Corporate Bonds and Default Risks
Investors purchase corporate bonds as tools to preserve purchasing power above the rate of inflation. Although bonds are conservative investments, relative to the stock market, all financial assets carry risks. Bonds are associated with default risks, or missed interest and principal payments. These default risks track prevailing economic conditions and the business prospects of the underlying company. Bondholders will evaluate numerous economic factors, before putting together their respective portfolios.
Corporations finance themselves by taking out loans, or issuing bonds to creditors. Creditors earn interest payments, until corporate bond principal is repaid at maturity. Bondholders do not own the company, but carry asset claims that are superior to those of shareholders. In the event of bankruptcy, bondholders are paid first from liquidated assets. Bond principal, however, may not be repaid in full when the distressed company has limited resources and weak earnings power.
Interest rates are associated with the “cost of money.” Interest rates generally rise amid inflationary environments, when investors are desperate to preserve purchasing power. With time, however, higher interest rates may expose creditors to more defaults, as corporations struggle to service more expensive debt. To manage default risks, investors may prefer to purchase secured bonds, which are backed by collateral that may be sold off to recoup cash. Unsecured bondholders, however, must rely strictly upon good faith, for management to meet its debt obligations.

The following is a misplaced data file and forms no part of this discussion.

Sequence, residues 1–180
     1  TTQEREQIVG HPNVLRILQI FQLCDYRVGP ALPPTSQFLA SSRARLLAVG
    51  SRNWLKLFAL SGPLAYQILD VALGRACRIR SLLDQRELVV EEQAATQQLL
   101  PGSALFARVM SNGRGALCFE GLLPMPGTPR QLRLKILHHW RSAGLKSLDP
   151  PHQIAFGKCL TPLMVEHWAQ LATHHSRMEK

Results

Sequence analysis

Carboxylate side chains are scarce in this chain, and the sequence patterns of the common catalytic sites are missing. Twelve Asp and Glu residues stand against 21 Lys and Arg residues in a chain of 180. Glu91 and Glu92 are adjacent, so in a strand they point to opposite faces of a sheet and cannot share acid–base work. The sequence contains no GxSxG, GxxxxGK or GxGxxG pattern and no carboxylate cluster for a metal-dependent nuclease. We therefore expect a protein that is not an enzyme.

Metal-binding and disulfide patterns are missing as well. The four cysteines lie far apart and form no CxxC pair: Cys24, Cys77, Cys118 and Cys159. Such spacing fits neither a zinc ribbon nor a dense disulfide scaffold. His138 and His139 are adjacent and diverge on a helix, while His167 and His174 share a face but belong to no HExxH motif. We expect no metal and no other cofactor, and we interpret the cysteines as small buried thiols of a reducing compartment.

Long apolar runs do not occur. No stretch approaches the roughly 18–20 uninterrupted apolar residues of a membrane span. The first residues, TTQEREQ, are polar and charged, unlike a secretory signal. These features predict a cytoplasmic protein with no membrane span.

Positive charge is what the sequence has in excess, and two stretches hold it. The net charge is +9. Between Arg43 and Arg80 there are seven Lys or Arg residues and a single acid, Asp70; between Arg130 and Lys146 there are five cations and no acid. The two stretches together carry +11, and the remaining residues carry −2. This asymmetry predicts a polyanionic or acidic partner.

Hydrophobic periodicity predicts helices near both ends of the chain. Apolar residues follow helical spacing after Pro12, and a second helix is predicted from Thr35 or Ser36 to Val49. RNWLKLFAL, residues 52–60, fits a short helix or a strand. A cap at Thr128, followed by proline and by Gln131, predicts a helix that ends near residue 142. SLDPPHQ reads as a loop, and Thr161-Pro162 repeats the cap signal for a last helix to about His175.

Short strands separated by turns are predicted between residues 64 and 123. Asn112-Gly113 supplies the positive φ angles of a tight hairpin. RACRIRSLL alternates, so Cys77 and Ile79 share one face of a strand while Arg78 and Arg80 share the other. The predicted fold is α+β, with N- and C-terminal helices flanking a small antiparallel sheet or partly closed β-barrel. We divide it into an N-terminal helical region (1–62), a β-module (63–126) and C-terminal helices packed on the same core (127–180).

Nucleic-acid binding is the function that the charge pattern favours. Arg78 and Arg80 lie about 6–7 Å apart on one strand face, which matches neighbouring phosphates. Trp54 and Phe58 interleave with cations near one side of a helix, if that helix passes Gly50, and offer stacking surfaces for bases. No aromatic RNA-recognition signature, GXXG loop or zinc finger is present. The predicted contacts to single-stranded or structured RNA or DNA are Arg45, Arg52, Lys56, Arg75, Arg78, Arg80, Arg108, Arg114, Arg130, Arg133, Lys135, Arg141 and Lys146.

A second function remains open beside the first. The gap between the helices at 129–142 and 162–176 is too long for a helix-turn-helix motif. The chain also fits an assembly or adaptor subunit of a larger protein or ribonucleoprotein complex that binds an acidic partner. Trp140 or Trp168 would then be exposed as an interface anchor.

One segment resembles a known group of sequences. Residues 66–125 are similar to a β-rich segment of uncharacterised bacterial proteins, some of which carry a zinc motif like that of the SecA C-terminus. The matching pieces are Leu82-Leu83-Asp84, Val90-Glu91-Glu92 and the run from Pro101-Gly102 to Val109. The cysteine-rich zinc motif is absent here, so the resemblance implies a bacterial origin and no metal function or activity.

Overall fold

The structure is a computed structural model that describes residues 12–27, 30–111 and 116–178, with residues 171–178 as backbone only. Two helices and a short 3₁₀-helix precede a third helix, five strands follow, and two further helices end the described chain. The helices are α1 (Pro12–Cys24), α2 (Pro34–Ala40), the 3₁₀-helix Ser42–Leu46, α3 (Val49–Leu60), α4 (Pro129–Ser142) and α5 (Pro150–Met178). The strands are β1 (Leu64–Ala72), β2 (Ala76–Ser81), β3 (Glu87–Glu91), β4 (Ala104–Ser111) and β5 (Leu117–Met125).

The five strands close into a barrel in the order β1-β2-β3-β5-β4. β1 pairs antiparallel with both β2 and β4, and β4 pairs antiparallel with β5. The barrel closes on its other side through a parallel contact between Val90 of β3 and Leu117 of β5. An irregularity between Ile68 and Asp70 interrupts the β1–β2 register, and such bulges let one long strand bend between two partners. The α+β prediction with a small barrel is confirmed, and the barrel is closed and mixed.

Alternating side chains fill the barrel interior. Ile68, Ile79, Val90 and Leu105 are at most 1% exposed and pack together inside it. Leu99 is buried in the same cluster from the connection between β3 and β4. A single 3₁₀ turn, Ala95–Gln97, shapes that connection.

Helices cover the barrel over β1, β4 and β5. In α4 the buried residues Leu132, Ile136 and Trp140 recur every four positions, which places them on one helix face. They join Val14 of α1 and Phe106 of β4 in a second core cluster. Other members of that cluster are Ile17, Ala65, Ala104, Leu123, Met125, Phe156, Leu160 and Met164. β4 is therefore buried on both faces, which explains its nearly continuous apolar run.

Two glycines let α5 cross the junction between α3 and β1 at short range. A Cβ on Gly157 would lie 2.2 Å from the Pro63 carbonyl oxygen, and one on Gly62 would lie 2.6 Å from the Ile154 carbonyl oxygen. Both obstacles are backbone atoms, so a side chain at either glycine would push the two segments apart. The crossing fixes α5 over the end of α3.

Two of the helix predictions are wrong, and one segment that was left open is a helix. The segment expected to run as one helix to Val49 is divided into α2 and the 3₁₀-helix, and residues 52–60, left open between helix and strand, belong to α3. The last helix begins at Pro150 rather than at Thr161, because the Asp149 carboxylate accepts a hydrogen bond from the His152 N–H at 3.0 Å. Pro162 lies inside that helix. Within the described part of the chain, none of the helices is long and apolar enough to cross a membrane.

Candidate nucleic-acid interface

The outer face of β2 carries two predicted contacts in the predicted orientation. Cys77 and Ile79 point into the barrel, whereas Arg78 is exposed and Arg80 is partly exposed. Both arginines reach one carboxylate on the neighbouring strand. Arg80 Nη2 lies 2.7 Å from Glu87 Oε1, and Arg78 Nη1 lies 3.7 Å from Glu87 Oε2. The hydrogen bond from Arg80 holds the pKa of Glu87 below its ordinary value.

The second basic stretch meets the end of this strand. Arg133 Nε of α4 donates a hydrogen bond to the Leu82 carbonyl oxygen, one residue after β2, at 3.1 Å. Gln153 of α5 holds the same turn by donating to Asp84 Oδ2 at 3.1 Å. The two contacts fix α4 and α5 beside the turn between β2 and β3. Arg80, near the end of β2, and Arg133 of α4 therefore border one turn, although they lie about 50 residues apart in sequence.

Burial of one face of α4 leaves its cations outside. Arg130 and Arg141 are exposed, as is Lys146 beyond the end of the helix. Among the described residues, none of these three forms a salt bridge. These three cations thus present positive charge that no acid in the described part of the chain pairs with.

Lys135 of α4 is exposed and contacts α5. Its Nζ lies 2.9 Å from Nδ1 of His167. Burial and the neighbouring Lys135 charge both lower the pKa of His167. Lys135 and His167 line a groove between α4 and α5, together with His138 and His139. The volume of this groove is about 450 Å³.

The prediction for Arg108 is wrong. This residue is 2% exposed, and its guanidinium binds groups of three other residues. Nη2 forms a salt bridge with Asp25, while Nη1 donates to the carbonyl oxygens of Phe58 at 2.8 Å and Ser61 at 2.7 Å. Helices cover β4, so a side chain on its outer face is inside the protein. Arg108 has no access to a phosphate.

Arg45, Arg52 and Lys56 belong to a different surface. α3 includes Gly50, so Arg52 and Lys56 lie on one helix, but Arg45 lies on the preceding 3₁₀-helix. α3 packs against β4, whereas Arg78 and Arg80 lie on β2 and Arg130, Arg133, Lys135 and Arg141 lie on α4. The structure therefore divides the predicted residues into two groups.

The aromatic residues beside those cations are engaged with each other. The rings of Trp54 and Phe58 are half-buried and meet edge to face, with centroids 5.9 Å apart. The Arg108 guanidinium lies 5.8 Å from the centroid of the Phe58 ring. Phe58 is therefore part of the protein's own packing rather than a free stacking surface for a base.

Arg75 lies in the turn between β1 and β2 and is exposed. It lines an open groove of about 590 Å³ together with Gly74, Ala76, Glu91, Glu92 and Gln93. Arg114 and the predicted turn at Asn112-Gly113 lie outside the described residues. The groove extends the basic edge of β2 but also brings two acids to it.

Credit Ratings Agencies
A credit rating agency, such as Standard and Poor’s, rates corporations according to their respective abilities to make debt payments. Smart investors will often appraise these ratings alongside their own fundamental analyses before putting money to work within the bond market. Bonds are categorized into investment grade, non-investment grade, or default. Non-investment grade bonds are often referred to as high-yield, or junk bonds. A ratings downgrade, of course, would be in line with elevated default risks.
Investors may purchase different types of bonds with varying maturity dates to manage default risks. Savers typically demand higher interest rates from longer-dated bonds, which are much riskier investments than overnight loans. Conservative savers will likely covet corporate bonds from prime rated companies, such as ExxonMobil and Microsoft. Alternatively, growth-oriented investors may prefer to carry high-yield, or junk bonds within their respective portfolios. Investors with long-term time horizons are more so able to recover from potential losses.
Systematic risks and credit crises adversely affect all bonds. Systematic risks identify the collapse of the entire financial system. In credit crisis, banks refuse to extend loans, and may even call debt, or demand that borrowers immediately repay all outstanding debt balances. Default risks then increase dramatically, and bond market values crash. At these times, the smart money will purchase assets on the cheap.